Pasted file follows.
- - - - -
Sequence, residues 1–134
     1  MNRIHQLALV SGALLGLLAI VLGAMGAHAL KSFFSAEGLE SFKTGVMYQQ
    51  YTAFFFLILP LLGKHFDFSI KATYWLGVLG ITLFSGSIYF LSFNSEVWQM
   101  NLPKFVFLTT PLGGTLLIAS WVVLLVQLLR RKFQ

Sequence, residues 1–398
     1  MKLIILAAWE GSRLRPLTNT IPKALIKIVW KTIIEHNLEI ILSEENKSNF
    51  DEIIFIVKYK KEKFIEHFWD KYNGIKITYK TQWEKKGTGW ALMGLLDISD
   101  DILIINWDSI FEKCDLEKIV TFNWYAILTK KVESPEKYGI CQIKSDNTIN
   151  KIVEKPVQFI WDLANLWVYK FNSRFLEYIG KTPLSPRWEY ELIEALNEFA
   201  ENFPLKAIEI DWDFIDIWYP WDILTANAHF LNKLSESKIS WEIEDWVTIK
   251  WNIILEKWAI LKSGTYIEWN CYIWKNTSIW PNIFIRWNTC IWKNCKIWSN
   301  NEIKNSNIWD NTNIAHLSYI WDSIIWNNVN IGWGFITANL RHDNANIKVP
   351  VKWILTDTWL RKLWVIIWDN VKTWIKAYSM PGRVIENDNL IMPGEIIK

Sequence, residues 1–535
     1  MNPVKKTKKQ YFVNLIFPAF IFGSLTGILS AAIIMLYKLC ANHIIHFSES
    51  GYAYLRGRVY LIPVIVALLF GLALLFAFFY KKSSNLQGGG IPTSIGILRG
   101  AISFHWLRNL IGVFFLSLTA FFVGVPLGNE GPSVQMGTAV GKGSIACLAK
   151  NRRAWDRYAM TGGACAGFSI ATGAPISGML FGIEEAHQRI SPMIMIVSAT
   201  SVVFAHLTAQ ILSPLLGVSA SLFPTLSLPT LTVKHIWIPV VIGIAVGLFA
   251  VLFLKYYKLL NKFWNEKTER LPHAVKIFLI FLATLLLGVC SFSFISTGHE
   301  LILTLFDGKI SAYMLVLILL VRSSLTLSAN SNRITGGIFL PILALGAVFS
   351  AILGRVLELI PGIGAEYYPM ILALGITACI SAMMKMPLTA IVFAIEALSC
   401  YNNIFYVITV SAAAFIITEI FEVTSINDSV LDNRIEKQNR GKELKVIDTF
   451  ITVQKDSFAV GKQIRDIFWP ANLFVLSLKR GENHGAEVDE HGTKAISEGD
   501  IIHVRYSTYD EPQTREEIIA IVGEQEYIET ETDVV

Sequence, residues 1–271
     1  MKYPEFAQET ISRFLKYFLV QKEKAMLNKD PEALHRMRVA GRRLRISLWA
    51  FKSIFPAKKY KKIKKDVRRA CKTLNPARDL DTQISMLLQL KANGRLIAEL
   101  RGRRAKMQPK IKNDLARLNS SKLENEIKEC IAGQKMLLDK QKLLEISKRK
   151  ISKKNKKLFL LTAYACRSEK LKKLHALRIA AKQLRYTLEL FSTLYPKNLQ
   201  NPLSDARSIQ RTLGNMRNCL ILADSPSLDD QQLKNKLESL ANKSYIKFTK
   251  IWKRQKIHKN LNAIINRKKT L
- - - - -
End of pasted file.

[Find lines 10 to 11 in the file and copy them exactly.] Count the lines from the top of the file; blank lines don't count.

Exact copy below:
   201  ENFPLKAIEI DWDFIDIWYP WDILTANAHF LNKLSESKIS WEIEDWVTIK
   251  WNIILEKWAI LKSGTYIEWN CYIWKNTSIW PNIFIRWNTC IWKNCKIWSN